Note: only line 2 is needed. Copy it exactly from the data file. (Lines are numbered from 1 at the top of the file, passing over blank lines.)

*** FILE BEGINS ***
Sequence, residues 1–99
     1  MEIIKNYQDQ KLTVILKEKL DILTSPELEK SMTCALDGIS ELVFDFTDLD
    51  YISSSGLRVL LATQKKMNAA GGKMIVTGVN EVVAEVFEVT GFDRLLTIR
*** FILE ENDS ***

     1  MEIIKNYQDQ KLTVILKEKL DILTSPELEK SMTCALDGIS ELVFDFTDLD